The models used for projecting long-term ecosystem response to climate change mostly parameterized by short-term data. However, ecosystem responses to global change are strongly regulated by long-term processes, such as species replacement in communities. So, the short term ecosystem response to climate change may be different from long term. In order to comparing the short vs long term response of ecosystem carbon cycling to climate warming, we conducted two manipulative warming experiments in a tallgrass prairie in the Great Plains. The long-term experiment used a paired nest design with warming as the main factor nested by clipping factor. The treatments were conducted since September 1999. The short-term experiment used a completely random design with full interaction of two warming treatments (ambient and warming) and three precipitin treatments (ambient, double, half precipitation), which were treated since July 2009. Net ecosystem carbon exchange (NEE), gross primary productivity (GPP), and ecosystem respiration (ER) were measured by Licor infrared gas analyzer connected to a static chamber.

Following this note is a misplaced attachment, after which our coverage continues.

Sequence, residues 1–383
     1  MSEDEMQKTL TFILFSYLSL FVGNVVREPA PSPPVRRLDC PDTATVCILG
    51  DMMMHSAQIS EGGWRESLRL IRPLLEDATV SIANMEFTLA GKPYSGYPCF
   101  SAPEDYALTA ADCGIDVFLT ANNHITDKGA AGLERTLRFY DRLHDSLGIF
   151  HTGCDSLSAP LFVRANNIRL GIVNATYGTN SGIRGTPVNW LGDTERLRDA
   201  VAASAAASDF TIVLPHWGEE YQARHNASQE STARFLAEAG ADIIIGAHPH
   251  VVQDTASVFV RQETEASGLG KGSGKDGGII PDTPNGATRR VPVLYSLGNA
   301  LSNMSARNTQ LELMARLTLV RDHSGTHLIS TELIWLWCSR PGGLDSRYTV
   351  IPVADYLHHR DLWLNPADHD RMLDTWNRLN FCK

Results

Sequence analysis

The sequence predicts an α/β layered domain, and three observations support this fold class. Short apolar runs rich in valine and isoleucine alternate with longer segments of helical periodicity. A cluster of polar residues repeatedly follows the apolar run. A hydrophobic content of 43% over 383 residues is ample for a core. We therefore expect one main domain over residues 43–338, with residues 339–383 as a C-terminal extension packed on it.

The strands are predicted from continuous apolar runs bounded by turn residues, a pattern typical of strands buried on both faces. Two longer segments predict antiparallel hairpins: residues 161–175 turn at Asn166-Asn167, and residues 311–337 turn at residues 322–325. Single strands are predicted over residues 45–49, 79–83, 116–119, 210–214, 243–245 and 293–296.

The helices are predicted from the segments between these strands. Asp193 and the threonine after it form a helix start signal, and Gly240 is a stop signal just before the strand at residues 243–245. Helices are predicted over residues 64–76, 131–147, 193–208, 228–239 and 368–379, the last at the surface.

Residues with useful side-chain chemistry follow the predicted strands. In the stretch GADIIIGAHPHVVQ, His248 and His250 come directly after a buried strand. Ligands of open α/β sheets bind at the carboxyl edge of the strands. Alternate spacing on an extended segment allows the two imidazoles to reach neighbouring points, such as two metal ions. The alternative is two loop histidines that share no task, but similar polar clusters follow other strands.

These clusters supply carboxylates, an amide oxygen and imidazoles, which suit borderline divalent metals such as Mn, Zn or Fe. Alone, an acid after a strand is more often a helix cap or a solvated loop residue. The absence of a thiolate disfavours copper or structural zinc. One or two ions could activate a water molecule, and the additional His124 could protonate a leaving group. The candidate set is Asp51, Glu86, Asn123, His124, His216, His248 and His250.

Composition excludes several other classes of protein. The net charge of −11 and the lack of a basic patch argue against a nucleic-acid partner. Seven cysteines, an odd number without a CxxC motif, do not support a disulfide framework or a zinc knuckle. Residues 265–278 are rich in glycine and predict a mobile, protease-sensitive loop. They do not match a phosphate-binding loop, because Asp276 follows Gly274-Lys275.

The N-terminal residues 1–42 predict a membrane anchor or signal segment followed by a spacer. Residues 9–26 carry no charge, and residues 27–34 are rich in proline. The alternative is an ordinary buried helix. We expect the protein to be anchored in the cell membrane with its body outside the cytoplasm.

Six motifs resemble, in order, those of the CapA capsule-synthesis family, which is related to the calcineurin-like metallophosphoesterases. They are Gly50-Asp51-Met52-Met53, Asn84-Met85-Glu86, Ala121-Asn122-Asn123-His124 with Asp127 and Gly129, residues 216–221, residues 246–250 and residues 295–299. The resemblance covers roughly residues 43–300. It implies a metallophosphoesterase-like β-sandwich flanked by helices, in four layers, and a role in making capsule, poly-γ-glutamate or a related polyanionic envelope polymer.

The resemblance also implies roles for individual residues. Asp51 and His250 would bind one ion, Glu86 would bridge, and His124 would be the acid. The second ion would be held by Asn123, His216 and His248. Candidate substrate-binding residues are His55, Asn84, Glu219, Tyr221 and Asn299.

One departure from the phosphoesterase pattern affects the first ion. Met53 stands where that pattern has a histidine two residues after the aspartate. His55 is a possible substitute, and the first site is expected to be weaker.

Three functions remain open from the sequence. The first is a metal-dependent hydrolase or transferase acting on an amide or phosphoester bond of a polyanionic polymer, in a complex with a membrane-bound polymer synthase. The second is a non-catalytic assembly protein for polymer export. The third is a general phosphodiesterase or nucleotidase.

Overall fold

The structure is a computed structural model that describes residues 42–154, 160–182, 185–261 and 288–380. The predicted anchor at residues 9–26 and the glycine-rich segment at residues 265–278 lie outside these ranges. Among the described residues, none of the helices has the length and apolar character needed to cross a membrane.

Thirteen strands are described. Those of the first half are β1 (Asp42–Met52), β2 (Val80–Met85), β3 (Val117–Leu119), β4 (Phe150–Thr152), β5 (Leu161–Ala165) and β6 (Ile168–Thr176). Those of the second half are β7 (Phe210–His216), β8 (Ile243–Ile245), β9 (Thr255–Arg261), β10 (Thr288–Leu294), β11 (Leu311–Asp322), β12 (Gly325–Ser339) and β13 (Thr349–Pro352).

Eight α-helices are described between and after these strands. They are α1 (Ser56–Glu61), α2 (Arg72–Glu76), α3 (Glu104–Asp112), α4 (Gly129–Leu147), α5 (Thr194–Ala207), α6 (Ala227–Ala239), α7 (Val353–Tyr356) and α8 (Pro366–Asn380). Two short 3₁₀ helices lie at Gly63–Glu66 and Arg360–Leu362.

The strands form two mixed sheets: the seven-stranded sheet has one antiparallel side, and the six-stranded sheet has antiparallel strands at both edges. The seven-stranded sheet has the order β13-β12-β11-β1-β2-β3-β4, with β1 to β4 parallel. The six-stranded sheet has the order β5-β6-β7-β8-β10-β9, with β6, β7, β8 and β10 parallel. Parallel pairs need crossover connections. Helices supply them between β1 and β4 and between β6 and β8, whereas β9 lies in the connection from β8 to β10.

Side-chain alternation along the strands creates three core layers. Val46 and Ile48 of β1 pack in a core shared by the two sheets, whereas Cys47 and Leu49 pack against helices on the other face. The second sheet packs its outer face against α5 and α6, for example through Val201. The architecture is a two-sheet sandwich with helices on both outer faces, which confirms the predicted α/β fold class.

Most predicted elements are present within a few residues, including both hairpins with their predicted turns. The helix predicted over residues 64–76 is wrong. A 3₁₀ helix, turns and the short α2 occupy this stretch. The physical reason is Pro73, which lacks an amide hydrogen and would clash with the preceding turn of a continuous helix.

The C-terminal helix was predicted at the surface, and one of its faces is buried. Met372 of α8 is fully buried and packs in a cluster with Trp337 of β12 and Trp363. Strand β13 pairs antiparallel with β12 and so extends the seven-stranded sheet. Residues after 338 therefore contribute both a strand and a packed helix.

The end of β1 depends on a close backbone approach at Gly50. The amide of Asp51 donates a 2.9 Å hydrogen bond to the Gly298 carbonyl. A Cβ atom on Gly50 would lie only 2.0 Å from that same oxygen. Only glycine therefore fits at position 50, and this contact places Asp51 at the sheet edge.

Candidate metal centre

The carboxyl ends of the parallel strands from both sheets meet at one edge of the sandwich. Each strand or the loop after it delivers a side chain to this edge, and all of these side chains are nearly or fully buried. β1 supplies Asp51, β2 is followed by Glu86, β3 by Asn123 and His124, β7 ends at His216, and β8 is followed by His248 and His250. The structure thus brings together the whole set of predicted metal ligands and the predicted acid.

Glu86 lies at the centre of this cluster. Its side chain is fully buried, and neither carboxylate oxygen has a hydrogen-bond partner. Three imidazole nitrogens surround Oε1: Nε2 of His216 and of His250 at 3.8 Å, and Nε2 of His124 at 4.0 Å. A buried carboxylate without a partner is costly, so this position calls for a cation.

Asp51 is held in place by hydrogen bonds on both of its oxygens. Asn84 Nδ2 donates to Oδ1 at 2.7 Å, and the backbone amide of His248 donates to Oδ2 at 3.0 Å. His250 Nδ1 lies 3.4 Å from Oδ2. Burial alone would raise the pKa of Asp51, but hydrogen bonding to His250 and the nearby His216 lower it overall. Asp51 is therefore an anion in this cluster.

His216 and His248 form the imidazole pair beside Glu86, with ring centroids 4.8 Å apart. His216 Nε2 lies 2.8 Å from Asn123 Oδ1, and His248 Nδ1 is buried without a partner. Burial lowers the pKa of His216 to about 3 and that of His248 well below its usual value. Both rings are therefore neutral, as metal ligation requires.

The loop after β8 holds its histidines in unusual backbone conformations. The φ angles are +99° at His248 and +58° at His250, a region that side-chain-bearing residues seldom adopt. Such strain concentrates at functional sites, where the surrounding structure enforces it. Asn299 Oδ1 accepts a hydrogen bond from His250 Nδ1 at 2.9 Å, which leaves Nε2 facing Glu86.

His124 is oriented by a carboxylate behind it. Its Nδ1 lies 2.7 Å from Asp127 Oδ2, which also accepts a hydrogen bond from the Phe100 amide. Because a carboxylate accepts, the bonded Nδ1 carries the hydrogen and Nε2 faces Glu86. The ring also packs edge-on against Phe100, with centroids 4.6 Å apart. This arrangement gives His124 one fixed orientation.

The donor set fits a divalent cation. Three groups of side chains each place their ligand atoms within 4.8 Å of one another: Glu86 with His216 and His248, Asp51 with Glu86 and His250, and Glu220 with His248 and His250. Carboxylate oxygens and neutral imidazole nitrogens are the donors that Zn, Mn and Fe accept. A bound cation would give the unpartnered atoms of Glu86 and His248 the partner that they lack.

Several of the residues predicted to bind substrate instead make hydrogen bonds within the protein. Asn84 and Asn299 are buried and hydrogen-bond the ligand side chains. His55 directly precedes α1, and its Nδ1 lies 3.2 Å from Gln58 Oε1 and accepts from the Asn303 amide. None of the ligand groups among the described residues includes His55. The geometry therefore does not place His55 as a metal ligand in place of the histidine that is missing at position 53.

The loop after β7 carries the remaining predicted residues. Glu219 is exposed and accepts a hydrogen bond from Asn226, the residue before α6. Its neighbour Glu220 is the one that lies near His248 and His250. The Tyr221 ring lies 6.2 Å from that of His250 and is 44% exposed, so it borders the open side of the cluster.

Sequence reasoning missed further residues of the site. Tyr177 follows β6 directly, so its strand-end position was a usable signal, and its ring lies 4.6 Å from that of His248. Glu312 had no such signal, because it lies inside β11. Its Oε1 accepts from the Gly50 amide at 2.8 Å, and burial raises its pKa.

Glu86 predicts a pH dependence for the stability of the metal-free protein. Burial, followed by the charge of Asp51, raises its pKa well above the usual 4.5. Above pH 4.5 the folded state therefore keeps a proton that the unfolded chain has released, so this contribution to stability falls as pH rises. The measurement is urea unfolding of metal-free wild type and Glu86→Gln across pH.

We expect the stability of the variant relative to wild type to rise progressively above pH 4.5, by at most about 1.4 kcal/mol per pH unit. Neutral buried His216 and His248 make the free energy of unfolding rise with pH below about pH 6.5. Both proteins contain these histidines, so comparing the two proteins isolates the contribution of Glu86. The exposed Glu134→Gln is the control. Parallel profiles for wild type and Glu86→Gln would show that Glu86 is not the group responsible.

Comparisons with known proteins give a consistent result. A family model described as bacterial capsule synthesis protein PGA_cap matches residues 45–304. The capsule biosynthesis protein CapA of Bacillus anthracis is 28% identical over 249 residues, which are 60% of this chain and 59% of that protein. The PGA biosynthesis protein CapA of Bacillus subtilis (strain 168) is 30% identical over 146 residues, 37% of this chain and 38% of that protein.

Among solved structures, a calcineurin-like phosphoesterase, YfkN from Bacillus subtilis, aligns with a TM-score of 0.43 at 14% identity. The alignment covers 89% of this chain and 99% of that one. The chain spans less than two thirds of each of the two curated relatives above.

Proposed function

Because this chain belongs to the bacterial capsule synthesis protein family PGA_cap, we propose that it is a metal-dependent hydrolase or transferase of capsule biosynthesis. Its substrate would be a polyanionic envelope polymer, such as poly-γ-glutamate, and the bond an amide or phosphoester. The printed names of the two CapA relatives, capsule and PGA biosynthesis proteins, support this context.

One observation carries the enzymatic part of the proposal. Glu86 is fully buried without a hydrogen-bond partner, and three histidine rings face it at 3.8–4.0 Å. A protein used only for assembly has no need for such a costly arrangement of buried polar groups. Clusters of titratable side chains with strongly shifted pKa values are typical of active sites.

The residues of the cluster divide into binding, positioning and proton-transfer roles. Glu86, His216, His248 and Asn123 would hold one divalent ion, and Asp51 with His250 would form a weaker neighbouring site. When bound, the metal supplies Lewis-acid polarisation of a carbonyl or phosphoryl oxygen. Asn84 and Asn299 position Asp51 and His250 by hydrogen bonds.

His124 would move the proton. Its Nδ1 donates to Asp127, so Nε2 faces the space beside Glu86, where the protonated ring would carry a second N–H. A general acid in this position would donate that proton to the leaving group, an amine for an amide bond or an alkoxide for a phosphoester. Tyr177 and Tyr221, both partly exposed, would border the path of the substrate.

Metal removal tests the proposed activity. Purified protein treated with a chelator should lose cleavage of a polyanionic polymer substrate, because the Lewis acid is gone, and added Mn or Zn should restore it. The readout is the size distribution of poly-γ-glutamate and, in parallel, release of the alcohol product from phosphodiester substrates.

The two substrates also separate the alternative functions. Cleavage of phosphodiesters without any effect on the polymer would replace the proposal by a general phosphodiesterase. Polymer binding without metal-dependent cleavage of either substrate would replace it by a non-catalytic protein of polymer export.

Results/Conclusions: The results showed that warming decreased GPP, ER, and NEE in the short term but increased them in the long term. The different short vs long term response may primarily due to the changes in species composition. The short term response of carbon cycling to warming was a function of the initial C3 dominance structure, whereas the long-term response reflected the shifts of species to C4 dominance. Although we only have seven months data up to now, the results do suggest that initial response of ecosystem carbon cycling can not represent the long term response. Ecological models should consider long term vegetation dynamics to more accurately predict climate change effect.